Ranking Palestinians have been speaking in different ways. Some seem to be pointedly ignoring a freezing of Israeli settlements in their demands for what must occur, while others repeat that condition along with insisting on a Palestinian state, borders from before 1967, a capital in Jerusalem, and an appropriate solution for refugees.
 
It may not help their case that Mahmoud Abbas sent a birthday greeting this week to Kim Jong-un.
 
Pessimists note that the President's team for this mission includes his valued son-in-law and a well-placed American Jew, but they have little or no staff to inform them of relevant details in the 50 or 100 years of background, and the numerous factions with influence in the Palestinian community or the factions with influence on the Israeli government.
 
Moreover, worries about the age and health of Mahmoud Abbas combine with Prime Minister Netanyahu's domestic problems to introduce two prospects of political instability in the regimes that must deal with issues of great sensitivity.
 
And it doesn't take much insight into Palestinian or Israeli politics to guess that decades of pressure and incentives from outside, and several rounds of frustrating meetings does not auger well for yet another effort.
 
Why bother?
 
Politics, like government and much else in life, operates by routines. One of the books I published on my way up the academic ladder was The Routines of Politics (1970). Among presidential routines is doing something about Israel and the Palestinians, rather than to concede that the most prominent problems are  insoluble, at least in the context that is foreseeable. Sending Kushner to the Middle East may be intended to keep him out of trouble closer to home, away from investigators concerned about his earlier flub, caught talking with Russians about Dad's campaign.
 
If the effort gets off the ground, it may cause more harm than good. Left on their own, the professionals of Israel and the Palestine Authority seem able to make life better and safer for both communities by accommodations in the nitty gritty below the notice of either side's politicians. Yet the professionals are limited when individuals thought to be running their communities, or competing for attention, raise issues of high sensitivity that defy treatment.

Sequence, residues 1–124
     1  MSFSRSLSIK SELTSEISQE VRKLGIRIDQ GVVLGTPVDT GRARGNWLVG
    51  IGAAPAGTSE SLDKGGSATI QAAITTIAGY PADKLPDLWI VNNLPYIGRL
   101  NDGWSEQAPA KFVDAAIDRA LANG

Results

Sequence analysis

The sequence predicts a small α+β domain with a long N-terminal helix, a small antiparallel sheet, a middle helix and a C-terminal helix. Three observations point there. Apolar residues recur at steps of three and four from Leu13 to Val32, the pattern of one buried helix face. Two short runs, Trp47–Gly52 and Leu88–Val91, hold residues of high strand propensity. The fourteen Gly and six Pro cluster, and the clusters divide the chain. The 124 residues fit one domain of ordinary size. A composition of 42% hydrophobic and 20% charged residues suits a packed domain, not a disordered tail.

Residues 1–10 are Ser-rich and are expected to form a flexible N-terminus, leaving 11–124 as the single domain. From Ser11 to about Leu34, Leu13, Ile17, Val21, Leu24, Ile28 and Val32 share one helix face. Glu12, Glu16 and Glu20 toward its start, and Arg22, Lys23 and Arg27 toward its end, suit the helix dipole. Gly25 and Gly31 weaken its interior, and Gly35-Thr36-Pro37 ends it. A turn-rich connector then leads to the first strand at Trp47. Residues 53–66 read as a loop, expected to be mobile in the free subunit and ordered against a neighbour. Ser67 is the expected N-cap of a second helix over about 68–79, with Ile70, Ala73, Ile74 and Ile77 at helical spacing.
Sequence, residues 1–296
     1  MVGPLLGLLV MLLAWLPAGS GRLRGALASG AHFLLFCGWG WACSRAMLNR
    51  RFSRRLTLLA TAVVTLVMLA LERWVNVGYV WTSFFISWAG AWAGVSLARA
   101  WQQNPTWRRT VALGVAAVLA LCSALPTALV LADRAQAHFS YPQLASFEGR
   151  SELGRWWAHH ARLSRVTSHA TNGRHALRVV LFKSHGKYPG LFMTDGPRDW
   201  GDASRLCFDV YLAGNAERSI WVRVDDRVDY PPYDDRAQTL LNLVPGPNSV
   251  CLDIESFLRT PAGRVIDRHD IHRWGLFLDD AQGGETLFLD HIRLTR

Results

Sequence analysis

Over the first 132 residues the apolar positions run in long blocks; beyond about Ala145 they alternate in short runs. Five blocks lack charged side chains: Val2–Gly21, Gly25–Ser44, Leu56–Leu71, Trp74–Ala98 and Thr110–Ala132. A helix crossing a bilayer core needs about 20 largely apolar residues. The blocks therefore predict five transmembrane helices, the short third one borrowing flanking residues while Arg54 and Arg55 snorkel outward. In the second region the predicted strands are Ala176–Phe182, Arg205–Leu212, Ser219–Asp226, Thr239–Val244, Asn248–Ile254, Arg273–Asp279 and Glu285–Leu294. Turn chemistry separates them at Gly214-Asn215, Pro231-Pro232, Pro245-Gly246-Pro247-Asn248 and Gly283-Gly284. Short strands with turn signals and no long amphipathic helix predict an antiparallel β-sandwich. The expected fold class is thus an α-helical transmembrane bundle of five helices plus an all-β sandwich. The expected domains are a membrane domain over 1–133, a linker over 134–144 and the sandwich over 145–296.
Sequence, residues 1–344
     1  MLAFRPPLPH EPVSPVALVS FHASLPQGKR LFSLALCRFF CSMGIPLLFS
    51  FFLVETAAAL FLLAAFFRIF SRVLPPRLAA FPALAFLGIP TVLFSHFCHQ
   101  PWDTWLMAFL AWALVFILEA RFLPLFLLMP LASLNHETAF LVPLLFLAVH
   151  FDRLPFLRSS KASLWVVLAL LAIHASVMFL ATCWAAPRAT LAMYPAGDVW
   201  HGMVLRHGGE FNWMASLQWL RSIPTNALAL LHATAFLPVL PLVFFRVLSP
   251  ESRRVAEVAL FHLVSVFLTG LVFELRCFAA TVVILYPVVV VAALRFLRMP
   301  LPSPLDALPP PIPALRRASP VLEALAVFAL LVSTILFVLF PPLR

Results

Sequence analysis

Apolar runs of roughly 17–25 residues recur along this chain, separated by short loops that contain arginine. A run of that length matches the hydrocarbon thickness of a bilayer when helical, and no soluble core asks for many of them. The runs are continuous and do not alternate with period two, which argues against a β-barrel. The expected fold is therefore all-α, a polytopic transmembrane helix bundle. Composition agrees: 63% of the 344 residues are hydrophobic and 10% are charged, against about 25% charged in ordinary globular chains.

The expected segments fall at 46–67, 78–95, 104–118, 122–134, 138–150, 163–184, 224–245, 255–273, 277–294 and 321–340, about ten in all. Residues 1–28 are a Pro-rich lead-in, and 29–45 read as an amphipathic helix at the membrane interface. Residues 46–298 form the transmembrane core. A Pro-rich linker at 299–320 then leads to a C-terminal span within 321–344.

Along the way, they may excite unhappy Palestinian housewives or others  who already hate Jews, to grab a knife and seek martyrdom. And on the Israeli side, there is a parallel hatred which spills over to trashing Arab property, random killing, or the horror of a few years ago, when three men kidnapped an Arab boy and burned him to death in the Jerusalem forest. 
 
FBI statistics show thousands of annual murders of Whites by Whites and more thousands of Blacks by Blacks, and a few hundred cross-racial murders.
 
Americans may have about the same chance of being killed by someone of another race as Israeli Jews have of being killed by an Arab. 
 
What seem to be the most fanciful of symbolic acts, i.e., removing a flag from a prominent pole or taking down the statue of a hero associated with a state that no longer exists, can produce competing demonstrations capable of producing injuries and death. The two terms served by an African American President did not made a noticeable dent in the problems of the Black underclass, and may have contributed to an uptick in White racism.
 
We can argue how satisfying or problematic are Israeli and American societies, how and why each got to its present situation, and what might be done to improve things or keep them from getting worse. Cynics see indications that neither the American Civil War nor the Israeli War of 1948 have gone fully into the history books.
 
Comments welcome


-- 
Ira Sharkansky (Emeritus)
Department of Political Science
Hebrew University of Jerusalem